Painting uneven surface after removing old wallpaper

hildebrandJune 29, 2007

I am removing old wallpaper and would like to paint the walls. When I remove the old wallpaper it takes chips of paint off with it leaving an unsightly texture on the wall surface. How do I fix the wall surface so that it is smooth again? I do not want to sand because it is too dangerous. Is is ok to plaster or spackle over the chipped paint when the walls are made of drywall?

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hi hildebrand, we had a similar problem with our lath and plaster ceiling and here is what we did: after we got as much of the wallpaper off and we could, we spackled the cracks ( earthquakes) and the places where the raw plaster showed through, ( i would do this for the places the base gypsum of the drywall is exposed) and then we primed and painted using a lighter base and a slightly darker paint using a"scrumble" technique. it came out beautifully and the mottled appearance of the wall color is very forgiving of the basically mottled surface. it had lasted many years, we still love it. before we did this, it was suggested that we cover the walls with a very thin 1/8" sheetrock and paint that or that we scrape, plaster and sand to a smooth finish. both of those seemed to be too much work for us after we had spent so much time on the wallpaper, but if you really want a smooth surface, the thin sheetrock solutions would be the easier of the two. hope this helps, sarah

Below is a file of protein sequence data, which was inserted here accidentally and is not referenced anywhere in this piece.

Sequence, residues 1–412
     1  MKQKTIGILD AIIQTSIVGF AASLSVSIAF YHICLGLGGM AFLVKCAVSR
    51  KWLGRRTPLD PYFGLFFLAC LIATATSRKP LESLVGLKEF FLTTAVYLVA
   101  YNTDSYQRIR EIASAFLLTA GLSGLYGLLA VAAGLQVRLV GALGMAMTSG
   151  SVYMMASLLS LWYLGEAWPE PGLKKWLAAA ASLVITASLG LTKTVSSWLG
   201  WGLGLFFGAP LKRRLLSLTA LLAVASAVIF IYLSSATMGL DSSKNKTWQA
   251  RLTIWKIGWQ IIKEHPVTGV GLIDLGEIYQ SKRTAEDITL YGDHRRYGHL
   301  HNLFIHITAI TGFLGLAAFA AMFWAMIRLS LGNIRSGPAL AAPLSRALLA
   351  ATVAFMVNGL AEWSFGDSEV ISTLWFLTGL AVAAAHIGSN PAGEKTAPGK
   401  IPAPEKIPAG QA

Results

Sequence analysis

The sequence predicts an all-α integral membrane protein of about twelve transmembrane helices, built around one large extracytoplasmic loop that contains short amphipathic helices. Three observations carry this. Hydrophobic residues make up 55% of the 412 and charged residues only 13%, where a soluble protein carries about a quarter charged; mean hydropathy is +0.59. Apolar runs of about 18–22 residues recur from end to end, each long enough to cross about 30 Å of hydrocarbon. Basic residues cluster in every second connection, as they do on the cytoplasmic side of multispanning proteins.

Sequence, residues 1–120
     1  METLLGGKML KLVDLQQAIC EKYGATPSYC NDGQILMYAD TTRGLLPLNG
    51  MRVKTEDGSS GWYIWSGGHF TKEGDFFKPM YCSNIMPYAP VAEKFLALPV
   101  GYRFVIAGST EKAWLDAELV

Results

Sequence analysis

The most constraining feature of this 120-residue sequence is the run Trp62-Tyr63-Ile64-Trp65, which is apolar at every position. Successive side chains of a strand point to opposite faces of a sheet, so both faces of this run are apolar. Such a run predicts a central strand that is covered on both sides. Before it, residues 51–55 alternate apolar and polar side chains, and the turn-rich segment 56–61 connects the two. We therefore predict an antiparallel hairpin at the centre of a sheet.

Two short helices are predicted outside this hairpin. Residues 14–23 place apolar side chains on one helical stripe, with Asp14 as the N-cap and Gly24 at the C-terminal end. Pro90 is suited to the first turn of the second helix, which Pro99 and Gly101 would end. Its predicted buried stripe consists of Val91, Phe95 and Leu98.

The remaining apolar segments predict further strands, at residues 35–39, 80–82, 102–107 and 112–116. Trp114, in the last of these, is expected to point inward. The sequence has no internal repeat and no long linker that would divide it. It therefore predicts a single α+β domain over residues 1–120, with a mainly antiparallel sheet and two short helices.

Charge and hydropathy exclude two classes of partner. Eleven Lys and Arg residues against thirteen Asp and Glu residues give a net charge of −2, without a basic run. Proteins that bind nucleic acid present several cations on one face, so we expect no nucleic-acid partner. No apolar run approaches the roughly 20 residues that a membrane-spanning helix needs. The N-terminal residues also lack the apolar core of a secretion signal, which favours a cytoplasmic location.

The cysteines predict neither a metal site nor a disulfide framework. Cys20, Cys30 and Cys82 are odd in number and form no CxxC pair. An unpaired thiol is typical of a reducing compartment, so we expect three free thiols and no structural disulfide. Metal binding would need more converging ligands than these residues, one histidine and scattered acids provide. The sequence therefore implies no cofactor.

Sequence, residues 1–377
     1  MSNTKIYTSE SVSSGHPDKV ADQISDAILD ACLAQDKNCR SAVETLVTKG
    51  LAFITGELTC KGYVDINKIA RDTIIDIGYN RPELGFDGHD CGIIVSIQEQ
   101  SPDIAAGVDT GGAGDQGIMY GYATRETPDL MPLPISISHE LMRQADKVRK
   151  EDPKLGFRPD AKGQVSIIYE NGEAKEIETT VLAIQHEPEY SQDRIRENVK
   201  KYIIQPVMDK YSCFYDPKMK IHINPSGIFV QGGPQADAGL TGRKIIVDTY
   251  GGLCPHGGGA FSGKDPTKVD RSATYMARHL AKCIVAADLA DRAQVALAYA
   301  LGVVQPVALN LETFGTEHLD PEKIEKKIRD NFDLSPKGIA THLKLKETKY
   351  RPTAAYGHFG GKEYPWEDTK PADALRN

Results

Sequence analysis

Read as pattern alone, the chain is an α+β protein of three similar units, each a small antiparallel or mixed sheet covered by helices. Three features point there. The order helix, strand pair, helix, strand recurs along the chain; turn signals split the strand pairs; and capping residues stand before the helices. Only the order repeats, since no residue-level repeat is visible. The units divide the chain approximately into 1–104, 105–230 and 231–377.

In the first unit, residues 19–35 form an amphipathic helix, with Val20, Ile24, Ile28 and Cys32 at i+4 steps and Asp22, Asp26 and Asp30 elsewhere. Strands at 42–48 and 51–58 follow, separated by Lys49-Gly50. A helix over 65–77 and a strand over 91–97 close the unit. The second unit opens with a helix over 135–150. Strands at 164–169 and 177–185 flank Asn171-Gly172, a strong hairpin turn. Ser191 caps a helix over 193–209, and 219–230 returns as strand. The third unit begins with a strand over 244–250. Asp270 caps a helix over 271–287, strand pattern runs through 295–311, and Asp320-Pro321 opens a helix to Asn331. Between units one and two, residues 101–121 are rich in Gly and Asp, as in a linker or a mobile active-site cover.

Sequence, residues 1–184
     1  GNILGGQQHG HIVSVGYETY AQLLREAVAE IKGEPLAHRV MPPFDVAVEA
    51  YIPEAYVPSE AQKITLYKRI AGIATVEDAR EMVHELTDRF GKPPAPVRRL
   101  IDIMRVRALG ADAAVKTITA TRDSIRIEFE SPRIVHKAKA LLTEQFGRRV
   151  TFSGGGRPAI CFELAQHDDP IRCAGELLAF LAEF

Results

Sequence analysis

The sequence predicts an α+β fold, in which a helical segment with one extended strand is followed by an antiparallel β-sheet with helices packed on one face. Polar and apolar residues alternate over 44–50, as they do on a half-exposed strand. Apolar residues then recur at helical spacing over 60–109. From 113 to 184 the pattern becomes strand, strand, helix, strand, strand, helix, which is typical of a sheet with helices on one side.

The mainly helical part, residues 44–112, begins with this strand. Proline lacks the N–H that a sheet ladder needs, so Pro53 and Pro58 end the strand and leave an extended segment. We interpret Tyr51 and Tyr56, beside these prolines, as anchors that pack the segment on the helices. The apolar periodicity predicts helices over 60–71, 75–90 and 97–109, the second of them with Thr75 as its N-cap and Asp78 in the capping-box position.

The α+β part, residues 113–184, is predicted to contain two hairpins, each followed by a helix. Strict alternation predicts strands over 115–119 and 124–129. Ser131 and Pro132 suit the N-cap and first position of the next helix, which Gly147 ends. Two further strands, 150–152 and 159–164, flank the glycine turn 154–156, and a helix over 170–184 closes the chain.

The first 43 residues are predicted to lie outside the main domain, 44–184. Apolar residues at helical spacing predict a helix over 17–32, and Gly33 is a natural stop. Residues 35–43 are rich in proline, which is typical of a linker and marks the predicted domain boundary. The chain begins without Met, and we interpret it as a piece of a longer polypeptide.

Bookmark   June 30, 2007 at 10:08AM
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I have a similar situation as sarahla. Will try that scumble technique in my next room, as I have the lathe and plaster, as well. But here is a suggestion if you want smooth walls. I scrape the wall paper off using the fabric softner technique. Then I use a scraper with an unusual angle on it. The handle is bent slightly, no more than 15 degrees. It works wonderfully. No scraped knuckles and the single edged razor blade gets up under the paper well. Still, there are always some irregularities and dings in the plaster when we are done. So, I use a product called Zinsser's Ready Patch. Works real well in the scenario you've described, Hildebrand. And remember, the flatter the paint, the more camoflaged the dings and nicks.

    Bookmark   July 5, 2007 at 2:18PM
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